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Energy efficiency

Greenhouse gas emissions emerging from industrial chimneys (Jan Smolik)

There are several inter linked factors contributing to our ever increasing use of energy. One is our growing population which is unlikely to stabilise before 2050 and at a total of 9 billion people. Contrast this with the world’s population 100 years ago which was around 2.0 billion. Another factor is our own individual use of energy which has increased dramatically in developed countries since the start of the industrial revolution in the home and at work.

Our major uses of energy include transport, generation of electricity and providing space and water heating in buildings. If we define energy as the capacity for doing work then we have developed machines over a period of many years to do the work that was previously done by hand. The energy that these machines consume has been provided primarily by coal, oil and gas and it is in the combustion of these fossil fuels that greenhouse gases like carbon dioxide are produced as a by-product.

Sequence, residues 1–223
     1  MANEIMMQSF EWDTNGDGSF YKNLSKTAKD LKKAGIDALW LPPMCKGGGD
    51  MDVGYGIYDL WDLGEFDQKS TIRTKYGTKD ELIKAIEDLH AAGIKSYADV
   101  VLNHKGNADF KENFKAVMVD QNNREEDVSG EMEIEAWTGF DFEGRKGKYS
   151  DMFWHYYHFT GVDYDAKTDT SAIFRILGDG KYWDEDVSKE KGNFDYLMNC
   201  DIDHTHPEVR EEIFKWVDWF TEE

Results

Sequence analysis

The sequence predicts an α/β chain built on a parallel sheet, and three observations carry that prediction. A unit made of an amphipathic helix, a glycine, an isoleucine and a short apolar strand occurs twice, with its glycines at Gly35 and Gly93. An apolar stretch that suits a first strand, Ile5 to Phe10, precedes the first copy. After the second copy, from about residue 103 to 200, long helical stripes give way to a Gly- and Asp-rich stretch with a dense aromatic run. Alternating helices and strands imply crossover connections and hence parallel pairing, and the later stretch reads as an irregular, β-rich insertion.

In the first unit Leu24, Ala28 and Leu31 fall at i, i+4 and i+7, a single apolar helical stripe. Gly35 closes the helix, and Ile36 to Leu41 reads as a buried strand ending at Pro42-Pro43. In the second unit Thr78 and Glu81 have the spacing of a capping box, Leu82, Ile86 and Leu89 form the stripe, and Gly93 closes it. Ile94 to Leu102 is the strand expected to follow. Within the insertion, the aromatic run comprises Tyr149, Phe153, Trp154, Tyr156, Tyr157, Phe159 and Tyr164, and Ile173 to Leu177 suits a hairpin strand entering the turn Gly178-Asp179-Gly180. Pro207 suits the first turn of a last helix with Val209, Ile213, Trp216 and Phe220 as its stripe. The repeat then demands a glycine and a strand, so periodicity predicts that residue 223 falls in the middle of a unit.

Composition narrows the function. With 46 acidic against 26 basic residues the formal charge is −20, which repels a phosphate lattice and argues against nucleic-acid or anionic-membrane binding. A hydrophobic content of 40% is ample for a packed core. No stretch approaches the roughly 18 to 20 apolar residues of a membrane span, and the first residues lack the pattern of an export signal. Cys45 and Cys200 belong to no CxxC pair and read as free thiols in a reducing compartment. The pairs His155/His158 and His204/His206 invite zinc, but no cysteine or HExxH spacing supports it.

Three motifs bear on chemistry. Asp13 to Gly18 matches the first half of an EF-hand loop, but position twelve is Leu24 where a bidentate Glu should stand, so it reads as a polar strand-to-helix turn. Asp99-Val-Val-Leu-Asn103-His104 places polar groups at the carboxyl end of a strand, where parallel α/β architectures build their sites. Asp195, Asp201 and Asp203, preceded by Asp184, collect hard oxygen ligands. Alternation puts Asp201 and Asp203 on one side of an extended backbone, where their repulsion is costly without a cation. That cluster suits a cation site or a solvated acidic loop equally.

Greenhouse gas emissions emerging from industrial chimneys (Jan Smolik)

? Why has our energy usage increased over the past 100 years? What usage do you think is making the greatest contribution to global warming? 

There are 3 basic ways in which we can reduce the environmental impact of our energy use –

  • Using less energy
  • Using energy more efficiently
  • Converting our energy sources from fossil fuels to renewable sources; we have considered these sources and noted how they can be used around our home in the renewable source section

Average energy consumption